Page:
Baking Bread

I prefer to make as much of the bread we eat as possible, but I tend to fail at that more than I like.  In the summer of course I don’t want to heat up the house, plus summer is our busy season so I’m often so tired from work that I don’t want to spend my spare time making bread.

I have a couple “go to” recipes that consistently produce a nice easy predictable bread, but sometimes I like to experiment.  Although I like the flavor of breads that require sitting overnight (or longer, such as sourdough) I don’t usually make them because they require me to plan ahead and I often don’t when it comes to bread making.  Our bread consumption varies a lot, some weeks we’ll eat two full sized loaves, others we’ll eat barely half a loaf.  Which makes it hard to predict when we’re going to need more bread.  It also means that I dislike making standard full sized loaves as they’ll sometimes go to waste.  I’ve played around with the “no knead keep it in the fridge for a week” recipes, and although they’re convenient, I’m not a huge fan of the bread they tend to produce.  I suppose if I really wanted I could really play with them to produce a bread I liked, but I haven’t wanted to put in the effort.

A couple weeks ago I was looking for something a bit different for bread, I had some left over potatoes and was leaning towards a potato bread, plus I’d managed to plan ahead for once and was considering one of my favorite over-night recipes.  Then I ran across THIS recipe.  Potatoes, overnight, perfect!

That recipe produces two almost picture perfect loaves of bread.  It’s also an extremely soft bread, which Husband likes.  The flavor is awesome.  I did not care for it, however, after freezing and thawing the 2nd loaf.  It was fine toasted, but the thawed bread had some texture issues.  However after removing the dough from the fridge I noticed that it was quite stiff, after removing enough dough for the first loaf I noticed that the remaining dough did not immediately sink.  Hmmm……

In the middle of all of this I’d also ordered for myself THIS bread pan (amazon affiliate link).  Just a bit wider than the usual “mini” loaf pan, but otherwise just about half the size of a normal loaf pan, I hoped it would fix my problem with having to stick to either “full sized loaves” or free-form loaf recipes.  Folks, this is my new favorite bread loaf pan.  The size is perfect, the slices are big enough to make a nice sized sandwich.  It’s lightweight, easy to clean and work with.  And best yet, it fits inside my Instant Pot, so I can use the “yogurt-low” setting to keep the dough warm for that 2nd rise.

I decided a trial was in order.  Note, all loaves were cooked in my new small loaf pan.  All dough was placed in the pan, and the pan set into my Instant Pot (1 cup of water in the bottom of the IP, then the IP trivit, then the pan of bread, cover the pot with saran wrap) to rise on the “yogurt-low” setting.  Unless otherwise noted they rose for 2hrs before cooking.

Monday Dec 11th I made up a batch of the overnight potato bread dough and stuck it in the fridge as per recipe instructions.

Dec 12th I made up a loaf following recipe instructions (it cooked for just about the same length of time as the full sized loaves) using 1/4 of the made up dough, resulting in a picture perfect loaf of bread.  I really should have gotten a picture it was that pretty.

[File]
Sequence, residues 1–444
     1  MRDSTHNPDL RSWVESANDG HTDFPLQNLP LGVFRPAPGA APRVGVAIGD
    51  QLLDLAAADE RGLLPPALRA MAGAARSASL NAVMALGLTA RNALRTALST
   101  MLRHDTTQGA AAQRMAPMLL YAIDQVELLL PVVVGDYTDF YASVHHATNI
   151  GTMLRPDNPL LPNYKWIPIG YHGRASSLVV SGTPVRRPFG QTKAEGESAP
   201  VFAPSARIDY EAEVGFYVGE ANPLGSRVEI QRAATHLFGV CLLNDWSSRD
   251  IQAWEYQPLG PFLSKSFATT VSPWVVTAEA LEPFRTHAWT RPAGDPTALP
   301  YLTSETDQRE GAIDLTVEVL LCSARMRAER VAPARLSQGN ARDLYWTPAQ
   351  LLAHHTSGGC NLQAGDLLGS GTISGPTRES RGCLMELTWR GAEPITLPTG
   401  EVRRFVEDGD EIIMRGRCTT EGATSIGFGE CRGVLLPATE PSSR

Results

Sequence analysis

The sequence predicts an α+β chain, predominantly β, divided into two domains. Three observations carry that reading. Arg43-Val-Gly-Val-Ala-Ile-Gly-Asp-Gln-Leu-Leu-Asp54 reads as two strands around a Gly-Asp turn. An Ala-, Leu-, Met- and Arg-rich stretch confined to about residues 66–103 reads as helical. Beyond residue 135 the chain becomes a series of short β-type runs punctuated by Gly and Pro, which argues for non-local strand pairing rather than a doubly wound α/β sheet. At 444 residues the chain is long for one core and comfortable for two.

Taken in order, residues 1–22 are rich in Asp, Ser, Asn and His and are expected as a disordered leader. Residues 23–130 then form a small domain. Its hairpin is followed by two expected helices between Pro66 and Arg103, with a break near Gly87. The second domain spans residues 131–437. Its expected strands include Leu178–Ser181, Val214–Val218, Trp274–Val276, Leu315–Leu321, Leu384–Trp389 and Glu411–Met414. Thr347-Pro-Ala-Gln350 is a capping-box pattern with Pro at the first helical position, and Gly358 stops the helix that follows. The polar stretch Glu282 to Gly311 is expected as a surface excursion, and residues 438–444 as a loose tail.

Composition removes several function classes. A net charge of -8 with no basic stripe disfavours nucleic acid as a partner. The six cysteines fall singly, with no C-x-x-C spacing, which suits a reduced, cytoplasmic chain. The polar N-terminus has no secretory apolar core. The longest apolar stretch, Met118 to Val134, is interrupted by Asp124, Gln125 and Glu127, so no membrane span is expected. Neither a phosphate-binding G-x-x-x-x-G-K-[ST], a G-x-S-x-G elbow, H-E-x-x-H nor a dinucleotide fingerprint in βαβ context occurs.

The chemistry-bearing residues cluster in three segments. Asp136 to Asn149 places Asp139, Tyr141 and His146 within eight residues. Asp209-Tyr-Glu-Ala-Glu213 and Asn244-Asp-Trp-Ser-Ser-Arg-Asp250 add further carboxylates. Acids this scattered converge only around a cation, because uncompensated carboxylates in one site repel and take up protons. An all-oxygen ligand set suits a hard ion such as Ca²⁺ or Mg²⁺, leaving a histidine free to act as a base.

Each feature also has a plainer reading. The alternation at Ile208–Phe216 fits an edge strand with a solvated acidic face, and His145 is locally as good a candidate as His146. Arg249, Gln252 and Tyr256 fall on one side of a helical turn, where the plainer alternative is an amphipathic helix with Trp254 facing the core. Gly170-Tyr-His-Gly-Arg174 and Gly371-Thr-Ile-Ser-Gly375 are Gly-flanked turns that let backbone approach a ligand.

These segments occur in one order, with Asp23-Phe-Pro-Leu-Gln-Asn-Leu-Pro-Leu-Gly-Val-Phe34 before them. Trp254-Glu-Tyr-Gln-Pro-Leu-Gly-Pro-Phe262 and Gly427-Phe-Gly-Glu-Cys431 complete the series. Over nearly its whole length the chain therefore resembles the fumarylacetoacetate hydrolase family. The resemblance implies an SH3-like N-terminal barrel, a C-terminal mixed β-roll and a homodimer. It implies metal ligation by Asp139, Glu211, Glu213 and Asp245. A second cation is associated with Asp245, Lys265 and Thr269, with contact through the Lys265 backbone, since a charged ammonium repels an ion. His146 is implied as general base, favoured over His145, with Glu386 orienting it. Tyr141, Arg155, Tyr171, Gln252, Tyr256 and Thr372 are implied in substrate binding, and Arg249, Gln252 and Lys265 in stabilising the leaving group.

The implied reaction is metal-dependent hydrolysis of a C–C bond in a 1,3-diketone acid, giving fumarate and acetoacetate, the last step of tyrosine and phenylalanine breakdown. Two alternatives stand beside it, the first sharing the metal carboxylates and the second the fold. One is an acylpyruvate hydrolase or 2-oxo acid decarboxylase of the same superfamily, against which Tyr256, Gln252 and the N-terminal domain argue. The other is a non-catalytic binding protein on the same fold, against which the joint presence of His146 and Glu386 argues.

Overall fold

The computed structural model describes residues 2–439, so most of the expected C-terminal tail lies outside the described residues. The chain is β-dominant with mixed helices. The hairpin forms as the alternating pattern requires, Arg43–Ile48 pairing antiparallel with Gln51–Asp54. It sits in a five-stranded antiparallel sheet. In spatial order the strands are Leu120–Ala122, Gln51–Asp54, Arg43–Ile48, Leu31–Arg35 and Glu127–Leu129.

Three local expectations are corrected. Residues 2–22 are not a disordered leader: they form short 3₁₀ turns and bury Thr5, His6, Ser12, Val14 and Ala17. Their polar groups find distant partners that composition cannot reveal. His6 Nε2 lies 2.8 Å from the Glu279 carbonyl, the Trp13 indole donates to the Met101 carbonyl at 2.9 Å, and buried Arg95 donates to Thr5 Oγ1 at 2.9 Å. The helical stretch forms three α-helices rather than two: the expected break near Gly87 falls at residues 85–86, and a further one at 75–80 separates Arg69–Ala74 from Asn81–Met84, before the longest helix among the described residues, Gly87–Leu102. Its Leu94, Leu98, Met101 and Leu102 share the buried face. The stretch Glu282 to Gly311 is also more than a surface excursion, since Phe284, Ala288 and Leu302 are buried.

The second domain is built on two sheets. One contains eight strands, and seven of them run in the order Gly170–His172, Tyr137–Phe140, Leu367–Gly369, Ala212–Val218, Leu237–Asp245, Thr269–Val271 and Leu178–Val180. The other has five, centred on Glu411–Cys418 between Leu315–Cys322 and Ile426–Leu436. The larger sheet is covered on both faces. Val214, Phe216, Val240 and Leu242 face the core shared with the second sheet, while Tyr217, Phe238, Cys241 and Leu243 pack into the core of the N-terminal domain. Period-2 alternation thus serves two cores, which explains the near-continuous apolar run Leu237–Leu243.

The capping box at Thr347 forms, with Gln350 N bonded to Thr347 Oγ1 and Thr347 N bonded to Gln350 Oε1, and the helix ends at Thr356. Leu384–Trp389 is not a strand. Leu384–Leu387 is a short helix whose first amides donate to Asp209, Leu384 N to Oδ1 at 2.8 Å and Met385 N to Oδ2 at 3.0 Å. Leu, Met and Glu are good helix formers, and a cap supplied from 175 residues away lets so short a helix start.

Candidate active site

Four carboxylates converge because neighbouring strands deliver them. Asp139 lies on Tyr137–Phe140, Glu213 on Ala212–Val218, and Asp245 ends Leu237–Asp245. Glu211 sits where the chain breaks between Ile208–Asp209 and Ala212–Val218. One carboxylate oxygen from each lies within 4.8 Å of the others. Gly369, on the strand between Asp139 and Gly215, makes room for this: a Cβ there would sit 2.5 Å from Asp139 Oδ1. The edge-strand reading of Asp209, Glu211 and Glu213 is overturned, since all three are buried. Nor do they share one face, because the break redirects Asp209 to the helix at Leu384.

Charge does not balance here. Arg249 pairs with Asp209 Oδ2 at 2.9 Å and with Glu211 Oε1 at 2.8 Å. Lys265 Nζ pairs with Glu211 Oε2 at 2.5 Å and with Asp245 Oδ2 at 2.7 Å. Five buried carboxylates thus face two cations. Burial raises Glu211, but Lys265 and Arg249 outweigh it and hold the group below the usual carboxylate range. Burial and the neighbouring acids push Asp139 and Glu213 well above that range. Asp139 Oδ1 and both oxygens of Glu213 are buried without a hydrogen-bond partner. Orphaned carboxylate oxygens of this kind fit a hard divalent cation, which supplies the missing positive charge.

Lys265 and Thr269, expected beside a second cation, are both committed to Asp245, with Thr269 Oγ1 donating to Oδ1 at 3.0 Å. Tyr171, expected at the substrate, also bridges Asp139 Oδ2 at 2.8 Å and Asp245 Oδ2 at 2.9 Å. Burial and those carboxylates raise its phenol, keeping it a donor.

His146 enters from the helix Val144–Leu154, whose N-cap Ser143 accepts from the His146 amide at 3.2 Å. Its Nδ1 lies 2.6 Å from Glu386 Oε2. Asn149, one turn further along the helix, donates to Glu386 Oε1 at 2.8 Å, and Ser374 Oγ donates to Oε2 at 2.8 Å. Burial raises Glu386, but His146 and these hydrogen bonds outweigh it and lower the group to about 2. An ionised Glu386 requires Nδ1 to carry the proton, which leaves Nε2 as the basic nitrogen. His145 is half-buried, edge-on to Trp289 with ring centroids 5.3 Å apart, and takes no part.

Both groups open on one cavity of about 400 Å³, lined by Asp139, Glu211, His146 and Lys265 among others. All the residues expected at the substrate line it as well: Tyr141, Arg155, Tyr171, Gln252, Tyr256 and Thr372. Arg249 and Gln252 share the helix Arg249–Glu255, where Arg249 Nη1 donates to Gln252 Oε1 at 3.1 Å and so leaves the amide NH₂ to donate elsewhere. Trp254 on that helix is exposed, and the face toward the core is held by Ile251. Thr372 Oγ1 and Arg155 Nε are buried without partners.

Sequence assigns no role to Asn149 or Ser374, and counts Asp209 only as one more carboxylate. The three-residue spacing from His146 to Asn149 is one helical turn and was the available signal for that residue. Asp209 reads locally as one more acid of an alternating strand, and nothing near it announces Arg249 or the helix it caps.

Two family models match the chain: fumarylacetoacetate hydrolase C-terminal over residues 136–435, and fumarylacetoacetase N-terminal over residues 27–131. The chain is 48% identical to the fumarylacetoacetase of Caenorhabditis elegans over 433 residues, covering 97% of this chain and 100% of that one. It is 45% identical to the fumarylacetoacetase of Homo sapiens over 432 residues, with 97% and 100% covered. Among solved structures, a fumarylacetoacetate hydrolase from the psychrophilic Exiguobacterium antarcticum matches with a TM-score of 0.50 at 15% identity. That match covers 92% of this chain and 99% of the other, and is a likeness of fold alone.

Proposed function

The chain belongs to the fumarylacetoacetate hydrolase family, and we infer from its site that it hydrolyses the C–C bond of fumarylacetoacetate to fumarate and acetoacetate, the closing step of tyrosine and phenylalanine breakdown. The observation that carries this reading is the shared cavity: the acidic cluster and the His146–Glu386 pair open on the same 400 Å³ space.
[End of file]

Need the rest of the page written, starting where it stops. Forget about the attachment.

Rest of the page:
Dec 13th, 24hrs after the recipe instructs you to do so, I made up a loaf, otherwise following the recipe instructions.  It was picture perfect again, no change.

Dec 15th, 72hrs after the recipe instructs you to do so, I made up a loaf, otherwise following the recipe instructions.  It rose just as nicely, but instead of puffing up big and tall it tended to sink down over the side of the pan a bit, the loaf has definite ears!  Otherwise just as tasty as the original, though the loaf may be a bit more dense and a hair less soft, not a bad thing.

Sunday Dec 17th we made french toast with our abundance of bread.  With bigger slices it might not have worked due to the softness of the bread, but with the small sized slices this bread made an absolutely awesome french toast bread.  WILL DO AGAIN.

Dec 18th, a full week after the recipe instructs you to do so, I  made up the 4th and final loaf from this batch of bread.  Remembering the ears from the last loaf I planned for this loaf to rise for less time, but the yeast was definitely getting tired by this point and it still ended up rising for the 2hrs before I thought it was far enough to go into the oven.  I did remember to get pictures of this one:

Not quite as high and pretty as the first ones, but still a pretty nice looking loaf of bread.  Texture was about like the 3rd loaf, a bit more dense and less soft than the original, but not in a bad way.

I’m calling success!

2 Comments

  1. Comment by Rain Frances:

    Success!!! That loaf looks great! I love the size of the pan. I use the overnight fridge no knead bread and that’s our favourite. But like you, it’s hard to gauge when to make bread because our menus and cravings vary a lot. It’s rare we finish a loaf, the bits usually go into the bird feeder.

    • Comment by Ruth:

      The pan size makes it IMO. I might have to pick up another one. I’ve made bread with “mini loaf” pans before, but they’re just small enough that the bread is to small for a decent sandwich, and then I end up eating two…..